frijol. (Del latín phaseolus, diminutivo de phaselus, del griego pháse-los ‘frijol, alubia’.)

    This is the same ultimate origin that the TLFi gives for flageolet. I don’t know what policies are in place for specifying derivations in the Diccionario breve. Perhaps they only give the “earliest” known root. Somehow I think it implausible that Mexicans got frijol straight from the Oracle’s mouth in Delphi.

  35. I thought Ajay was an Indian name.
    It is.

  36. Merriam-Webster says: “from earlier fesol, fresol, probably modification of Galician feijoo, from Latin phaseolus, diminutive of phaselus cowpea, from Greek phasēlos.” So that gives you some of the intermediate stages.

  37. Feijoada comes from the Portuguese for beans.

  38. Feijoa, on the other hand, is from a guy named Feijó.

  39. The Brazilian Mr Bean.

  40. Well…I now have an inkling of where the sicilian murriune might come from. My mum uses it for anything turbandy.

  41. Murrine is an Italian term for colored patterns or images made in a glass cane (long rods of glass) that are revealed when cut in cross-section. Murrine can be made in infinite designs—some styles are more familiar, such as millefiore. Artists working in glass design murrine in a variety of ways from simple circular or square patterns to complex detailed designs to even portraits of people. Murrine are designed by layering different colors of molten glass around a core, then heating and stretching it into a rod. When cool, the rod is sliced into cross-sections of desired thickness with each slice possessing the same pattern in cross-section. The murrine process first appeared in the middle east more than 4,000 years ago and was revived by Venetian glassmakers on Murano in the early 1500s.

  42. When I was still just a kleine Ratte and Dreikäsehoch, I remember having Murine administered for some eye condition.

  43. Dreikäsehoch ist eine umgangssprachliche und scherzhafte Bezeichnung für ein kleines (also nicht hochgewachsenes) Kind. Das Benennungsmotiv dieser seit dem 18. Jahrhundert gebräuchlichen Redewendung ist unklar. Eine Möglichkeit besteht in der damaligen scherzhaften Verwendung aufeinander gestapelter Käselaibe als Größenangabe für Kinder. Ein Dreikäsehoch ist folglich so groß wie ein Stapel aus drei Käselaiben. Andererseits wird vermutet, dass das Wort hingegen nichts mit Käse zu tun hat, sondern vom französischen Wort caisse (deutsch: Kiste, Kasten) abstammt. Demnach bezeichnet es jemanden, der so groß ist wie drei Kisten.

  44. Three boxes of what ? Pre-sliced cheese packages ? Three wheels of cheese is a more satisfying image.
    And caisse also means cash register. I don’t see cash registers as a suitably standardized unit of height, since they don’t stack up well. So the derivation doesn’t stack up either.
    Anyway, I was trying to suggest that murrines are actually sliced colored mice.

  45. Murine–don’t use muriatic acid by mistake.

  46. Das Benennungsmotiv ist unklar.

  47. A tower of cheese? Sliced mice? Now for some reason I am thinking of Hatto and the Mäuseturm again.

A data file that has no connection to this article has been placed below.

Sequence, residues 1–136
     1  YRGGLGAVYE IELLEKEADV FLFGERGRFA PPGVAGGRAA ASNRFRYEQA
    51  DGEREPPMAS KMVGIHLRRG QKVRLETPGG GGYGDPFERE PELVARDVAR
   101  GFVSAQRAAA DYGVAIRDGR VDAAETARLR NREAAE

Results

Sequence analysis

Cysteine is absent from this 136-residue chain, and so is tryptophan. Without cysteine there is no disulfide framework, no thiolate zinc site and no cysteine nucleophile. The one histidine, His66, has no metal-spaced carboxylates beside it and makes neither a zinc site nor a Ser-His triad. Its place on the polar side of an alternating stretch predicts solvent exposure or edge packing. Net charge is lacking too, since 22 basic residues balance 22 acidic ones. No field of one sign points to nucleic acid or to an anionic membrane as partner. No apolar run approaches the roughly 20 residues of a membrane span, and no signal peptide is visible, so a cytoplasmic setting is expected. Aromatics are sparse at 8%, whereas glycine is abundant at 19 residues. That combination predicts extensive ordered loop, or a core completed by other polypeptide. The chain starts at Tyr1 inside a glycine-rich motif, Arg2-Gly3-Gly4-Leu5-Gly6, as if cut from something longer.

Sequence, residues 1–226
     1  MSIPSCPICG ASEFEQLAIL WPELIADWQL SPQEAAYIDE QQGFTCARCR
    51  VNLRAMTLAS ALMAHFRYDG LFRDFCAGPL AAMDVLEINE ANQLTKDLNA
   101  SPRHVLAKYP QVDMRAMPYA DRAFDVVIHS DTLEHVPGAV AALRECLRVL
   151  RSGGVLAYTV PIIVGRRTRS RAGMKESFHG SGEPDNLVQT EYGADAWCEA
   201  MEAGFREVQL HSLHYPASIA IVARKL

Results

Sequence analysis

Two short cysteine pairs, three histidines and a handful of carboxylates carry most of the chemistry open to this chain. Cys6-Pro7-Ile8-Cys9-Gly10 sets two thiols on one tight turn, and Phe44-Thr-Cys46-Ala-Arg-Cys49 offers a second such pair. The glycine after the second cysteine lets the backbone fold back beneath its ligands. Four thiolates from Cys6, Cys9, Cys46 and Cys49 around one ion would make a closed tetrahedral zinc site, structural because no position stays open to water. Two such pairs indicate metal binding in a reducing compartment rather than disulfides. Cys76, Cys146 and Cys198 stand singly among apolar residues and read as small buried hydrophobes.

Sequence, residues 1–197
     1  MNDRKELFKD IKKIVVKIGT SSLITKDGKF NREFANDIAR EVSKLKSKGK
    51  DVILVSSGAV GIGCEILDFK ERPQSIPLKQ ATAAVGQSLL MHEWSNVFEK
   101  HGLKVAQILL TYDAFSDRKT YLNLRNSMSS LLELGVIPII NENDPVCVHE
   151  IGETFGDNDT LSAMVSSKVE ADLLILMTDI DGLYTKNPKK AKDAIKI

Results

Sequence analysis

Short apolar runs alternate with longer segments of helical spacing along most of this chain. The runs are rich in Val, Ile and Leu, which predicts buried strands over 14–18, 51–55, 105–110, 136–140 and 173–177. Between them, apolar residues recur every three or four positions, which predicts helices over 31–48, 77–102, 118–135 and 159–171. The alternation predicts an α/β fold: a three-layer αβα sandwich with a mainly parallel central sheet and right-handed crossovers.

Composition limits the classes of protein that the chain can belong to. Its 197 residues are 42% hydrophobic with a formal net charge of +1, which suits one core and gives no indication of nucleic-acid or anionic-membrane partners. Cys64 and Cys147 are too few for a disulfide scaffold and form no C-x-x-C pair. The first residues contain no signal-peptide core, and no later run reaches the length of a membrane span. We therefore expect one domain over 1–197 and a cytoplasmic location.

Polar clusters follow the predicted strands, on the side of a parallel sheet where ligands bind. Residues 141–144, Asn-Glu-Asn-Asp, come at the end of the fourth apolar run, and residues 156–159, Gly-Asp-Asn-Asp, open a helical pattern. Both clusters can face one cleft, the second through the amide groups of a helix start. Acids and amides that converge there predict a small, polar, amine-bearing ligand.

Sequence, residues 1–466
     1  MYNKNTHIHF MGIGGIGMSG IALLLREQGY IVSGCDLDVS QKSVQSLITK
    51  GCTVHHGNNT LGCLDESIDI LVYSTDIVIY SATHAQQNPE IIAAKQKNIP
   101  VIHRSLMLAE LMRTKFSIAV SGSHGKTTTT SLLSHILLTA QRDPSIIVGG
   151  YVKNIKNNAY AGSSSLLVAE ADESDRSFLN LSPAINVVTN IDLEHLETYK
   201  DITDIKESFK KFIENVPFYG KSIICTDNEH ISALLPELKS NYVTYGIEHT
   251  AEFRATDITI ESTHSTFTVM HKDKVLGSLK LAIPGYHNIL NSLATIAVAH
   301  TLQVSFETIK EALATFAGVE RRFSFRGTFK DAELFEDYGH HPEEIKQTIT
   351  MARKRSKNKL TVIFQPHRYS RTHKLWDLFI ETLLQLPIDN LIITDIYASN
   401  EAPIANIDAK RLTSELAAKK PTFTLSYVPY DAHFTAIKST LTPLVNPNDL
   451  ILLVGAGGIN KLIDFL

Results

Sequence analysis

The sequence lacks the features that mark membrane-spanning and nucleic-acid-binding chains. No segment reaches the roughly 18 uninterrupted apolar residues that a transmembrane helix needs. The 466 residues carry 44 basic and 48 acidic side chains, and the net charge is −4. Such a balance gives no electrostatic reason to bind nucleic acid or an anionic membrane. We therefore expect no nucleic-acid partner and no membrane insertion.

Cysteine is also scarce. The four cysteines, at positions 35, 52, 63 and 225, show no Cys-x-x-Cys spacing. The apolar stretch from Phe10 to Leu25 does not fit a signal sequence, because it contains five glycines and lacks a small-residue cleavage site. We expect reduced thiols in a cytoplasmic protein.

48. marie-lucie says

    Drei whatevers:
    In French the phrase for a small child is haut comme trois pommes “three apples tall”. I have never heard caisses ‘crates’ (or any other word) in this context. In my experience, crates vary in size a lot more than apples, and the word implies a largish container. I think that caisse as a potential origin for German Käse is folk etymology – people trying hard to find a foreign origin for something they can’t explain.
    Just as the French phrase does not refer to “apples” literally as units for measuring children, similarly the cheeses in question would not have to be imagined as the huge wheels from Switzerland and thereabouts.

  49. Trond Engen says

    In French the phrase for a small child is haut comme trois pommes “three apples tall”.
    Norwegian: En neve stor “a hand tall”, especially (only?) in siden … var en neve stor “from early childhood”. There may have been another expression: In his Vi ere en Nation vi med “We are a nation also we” (often called “the children’s national anthem”) Wergeland continued vi smaa, en Alen lange “we short, an ell long”.

  50. the cheeses in question would not have to be imagined as the huge wheels from Switzerland and thereabouts.
    But marie-lucie, cheese “wheels” are always stored flat, so it’s the height of the width (pour ainsi dire) that is the unit of measure. “Millstones” might be less confusing, but what a difficult mechanism for measuring growth !
    A Käserad can also be called a Käselaib – a loaf or (taking the size into account) loafaroonie of cheese.

  51. marie-lucie says

    But marie-lucie, cheese “wheels” are always stored flat, so it’s the height of the width (pour ainsi dire) that is the unit of measure.
    I am well aware of that. But I doubt that cheeses were ever used to measure children, any more than apples were. Otherwise it would not always be “three” units.

  52. ajay, I did but jest, poison in jest, no offense in the world.

  53. PlasticPaddy says

    This is probably only a coincidence, but French measure horses height in paumes (compare English hands). So Haut comme trois paumes would correspond to a height of three hands.